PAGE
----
This post is a little different than our usual tips and reflections about the professoriate. But at the heart of ProfHacker is an emphasis on the power of technologies such as social media to spread information about the good work being done in academia. We think that a project being conducted by the Wisconsin Center for Education Research (WCER) matches that heart, and so we share the following with you.
The WCER is currently conducting a study that asks one simple question: What level of math proficiency do STEM (science, technology, engineering, and mathematics) faculty consider a good indication that a student is likely to succeed in a STEM major? The study, entitled called “Talking about Leaving, Revisited: Exploring Current Patterns of Undergraduate Persistence in the Sciences,” is a follow-up to Elaine Seymour and Nancy Hewitt’s original study and book 15 years ago. For that work, Elaine and Nancy asked faculty what minimum SAT math score would be an indicator of sufficient math readiness for an undergraduate to succeed in a STEM major. The answer in 1997: 650. For the follow-up study, they are using a very short two-item survey to see whether this indicator has changed.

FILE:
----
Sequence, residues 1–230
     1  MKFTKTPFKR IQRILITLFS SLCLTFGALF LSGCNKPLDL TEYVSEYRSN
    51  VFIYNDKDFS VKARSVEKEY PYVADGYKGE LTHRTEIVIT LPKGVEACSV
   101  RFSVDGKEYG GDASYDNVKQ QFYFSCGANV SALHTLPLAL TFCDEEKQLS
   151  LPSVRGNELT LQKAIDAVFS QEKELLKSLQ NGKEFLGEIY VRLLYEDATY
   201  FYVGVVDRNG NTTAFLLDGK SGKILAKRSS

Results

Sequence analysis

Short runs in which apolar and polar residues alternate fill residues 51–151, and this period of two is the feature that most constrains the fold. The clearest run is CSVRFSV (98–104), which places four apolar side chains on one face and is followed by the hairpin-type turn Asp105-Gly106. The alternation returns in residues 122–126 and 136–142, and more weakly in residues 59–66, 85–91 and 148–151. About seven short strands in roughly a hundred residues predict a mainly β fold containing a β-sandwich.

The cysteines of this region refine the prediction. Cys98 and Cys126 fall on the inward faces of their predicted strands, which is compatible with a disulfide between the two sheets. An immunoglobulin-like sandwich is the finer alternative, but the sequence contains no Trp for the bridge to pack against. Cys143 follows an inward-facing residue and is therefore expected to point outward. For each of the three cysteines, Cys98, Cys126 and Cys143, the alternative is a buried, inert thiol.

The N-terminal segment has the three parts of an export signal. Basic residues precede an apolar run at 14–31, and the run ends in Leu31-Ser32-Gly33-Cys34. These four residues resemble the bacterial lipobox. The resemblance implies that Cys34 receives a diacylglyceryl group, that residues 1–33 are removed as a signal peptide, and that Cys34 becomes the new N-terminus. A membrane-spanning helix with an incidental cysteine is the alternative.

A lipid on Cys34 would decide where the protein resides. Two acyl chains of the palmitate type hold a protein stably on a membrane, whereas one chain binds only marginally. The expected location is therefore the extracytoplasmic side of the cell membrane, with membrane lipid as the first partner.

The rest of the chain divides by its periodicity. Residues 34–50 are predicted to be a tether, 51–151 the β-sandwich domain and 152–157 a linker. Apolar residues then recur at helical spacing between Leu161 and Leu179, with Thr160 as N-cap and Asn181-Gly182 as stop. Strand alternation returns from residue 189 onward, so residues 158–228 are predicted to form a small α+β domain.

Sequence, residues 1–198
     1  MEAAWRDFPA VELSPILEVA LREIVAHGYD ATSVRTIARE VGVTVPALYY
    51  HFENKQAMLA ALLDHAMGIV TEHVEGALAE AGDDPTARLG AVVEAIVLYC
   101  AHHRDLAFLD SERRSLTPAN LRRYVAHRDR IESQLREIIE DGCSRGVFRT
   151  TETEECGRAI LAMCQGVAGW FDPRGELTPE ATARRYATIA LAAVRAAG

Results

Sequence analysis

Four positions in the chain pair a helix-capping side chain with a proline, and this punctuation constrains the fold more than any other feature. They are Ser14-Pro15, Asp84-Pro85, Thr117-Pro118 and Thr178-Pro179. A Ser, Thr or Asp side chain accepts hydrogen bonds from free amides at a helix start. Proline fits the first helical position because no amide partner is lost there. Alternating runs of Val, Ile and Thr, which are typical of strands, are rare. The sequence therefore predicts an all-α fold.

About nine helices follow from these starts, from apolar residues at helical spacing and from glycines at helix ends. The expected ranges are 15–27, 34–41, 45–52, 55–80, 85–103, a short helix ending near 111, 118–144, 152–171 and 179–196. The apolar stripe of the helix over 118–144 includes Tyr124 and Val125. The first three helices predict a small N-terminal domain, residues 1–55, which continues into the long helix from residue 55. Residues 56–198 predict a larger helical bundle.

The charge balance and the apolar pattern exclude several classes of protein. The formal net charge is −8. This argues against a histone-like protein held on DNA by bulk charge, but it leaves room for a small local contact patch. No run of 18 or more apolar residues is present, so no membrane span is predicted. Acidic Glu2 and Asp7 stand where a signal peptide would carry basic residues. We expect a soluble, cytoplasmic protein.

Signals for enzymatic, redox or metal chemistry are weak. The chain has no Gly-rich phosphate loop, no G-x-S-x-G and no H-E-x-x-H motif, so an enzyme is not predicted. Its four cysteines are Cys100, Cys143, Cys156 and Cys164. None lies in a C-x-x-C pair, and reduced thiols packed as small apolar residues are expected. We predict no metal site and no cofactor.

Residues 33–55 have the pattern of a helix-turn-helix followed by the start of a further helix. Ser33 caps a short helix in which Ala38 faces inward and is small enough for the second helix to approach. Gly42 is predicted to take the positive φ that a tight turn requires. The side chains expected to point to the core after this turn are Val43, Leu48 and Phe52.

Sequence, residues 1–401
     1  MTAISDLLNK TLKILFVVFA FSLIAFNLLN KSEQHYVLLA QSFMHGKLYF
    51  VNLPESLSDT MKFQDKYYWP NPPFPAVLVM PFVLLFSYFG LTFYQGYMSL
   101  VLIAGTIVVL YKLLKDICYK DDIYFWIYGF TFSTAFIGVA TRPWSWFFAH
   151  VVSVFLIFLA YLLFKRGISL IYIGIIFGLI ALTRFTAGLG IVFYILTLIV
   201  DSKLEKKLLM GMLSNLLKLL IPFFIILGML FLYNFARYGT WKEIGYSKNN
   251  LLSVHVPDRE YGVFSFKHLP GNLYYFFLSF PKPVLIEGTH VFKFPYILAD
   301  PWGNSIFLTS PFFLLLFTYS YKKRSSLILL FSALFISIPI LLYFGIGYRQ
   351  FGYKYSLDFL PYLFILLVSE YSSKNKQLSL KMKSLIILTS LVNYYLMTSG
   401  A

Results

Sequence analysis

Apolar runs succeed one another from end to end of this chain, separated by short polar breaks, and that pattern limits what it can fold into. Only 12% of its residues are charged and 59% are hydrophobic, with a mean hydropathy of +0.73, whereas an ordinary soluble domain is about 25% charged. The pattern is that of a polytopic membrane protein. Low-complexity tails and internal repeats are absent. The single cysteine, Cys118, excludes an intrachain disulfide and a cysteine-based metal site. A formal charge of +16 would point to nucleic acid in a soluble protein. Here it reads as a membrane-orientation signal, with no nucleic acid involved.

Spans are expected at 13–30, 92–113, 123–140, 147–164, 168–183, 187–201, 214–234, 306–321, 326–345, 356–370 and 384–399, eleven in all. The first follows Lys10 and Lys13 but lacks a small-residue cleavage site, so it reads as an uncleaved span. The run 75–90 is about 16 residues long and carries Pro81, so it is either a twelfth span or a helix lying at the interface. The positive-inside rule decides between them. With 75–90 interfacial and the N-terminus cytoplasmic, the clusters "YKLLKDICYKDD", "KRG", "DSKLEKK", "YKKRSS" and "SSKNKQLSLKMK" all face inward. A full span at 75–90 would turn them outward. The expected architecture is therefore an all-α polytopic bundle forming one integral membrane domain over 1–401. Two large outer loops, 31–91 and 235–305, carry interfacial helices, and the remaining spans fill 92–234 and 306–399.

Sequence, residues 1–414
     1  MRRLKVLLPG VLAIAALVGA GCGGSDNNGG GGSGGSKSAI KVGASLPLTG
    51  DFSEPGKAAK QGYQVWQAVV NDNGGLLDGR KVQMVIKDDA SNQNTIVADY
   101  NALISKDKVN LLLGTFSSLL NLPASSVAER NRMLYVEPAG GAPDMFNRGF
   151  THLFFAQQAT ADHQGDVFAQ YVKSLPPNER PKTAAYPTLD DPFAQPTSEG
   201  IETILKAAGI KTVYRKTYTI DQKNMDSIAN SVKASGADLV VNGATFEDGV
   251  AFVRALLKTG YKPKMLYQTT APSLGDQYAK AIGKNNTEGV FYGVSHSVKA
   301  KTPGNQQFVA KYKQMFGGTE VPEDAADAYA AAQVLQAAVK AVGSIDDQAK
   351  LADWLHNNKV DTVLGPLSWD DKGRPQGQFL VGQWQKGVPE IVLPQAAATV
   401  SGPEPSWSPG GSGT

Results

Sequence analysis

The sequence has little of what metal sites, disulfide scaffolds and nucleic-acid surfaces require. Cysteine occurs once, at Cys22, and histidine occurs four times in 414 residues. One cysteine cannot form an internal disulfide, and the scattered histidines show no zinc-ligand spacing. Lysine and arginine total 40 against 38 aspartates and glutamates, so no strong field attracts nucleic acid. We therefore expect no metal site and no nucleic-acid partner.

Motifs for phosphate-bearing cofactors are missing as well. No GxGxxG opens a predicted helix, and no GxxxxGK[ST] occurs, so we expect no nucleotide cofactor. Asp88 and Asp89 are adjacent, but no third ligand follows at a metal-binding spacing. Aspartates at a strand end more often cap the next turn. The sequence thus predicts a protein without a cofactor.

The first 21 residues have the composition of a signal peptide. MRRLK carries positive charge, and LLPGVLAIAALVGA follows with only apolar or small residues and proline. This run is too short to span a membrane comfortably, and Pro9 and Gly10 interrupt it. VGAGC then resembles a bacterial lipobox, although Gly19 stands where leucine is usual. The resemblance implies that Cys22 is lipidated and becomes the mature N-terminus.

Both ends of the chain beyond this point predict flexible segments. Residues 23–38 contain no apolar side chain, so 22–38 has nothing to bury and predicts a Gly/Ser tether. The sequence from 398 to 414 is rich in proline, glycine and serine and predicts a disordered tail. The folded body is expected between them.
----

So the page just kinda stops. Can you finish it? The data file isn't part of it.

Mark and his team would love to see the input of ProfHacker readers in their survey results, and so they encourage you to answer the two very short questions.
Social media is gaining some leverage in the STEM world, and it is hoped that by sharing the survey with ProfHacker readers it will get a bigger audience. Along those lines, physics blogger Rhett Allain posted a recent reflection of the role of Twitter in the recent Winter American Association of Physics Teachers conference, which could perhaps serve as more fodder for considering the role of social media in STEM.
Have you had any success in leveraging social media to assist you in the work of improving STEM education? Let us know in the comments.
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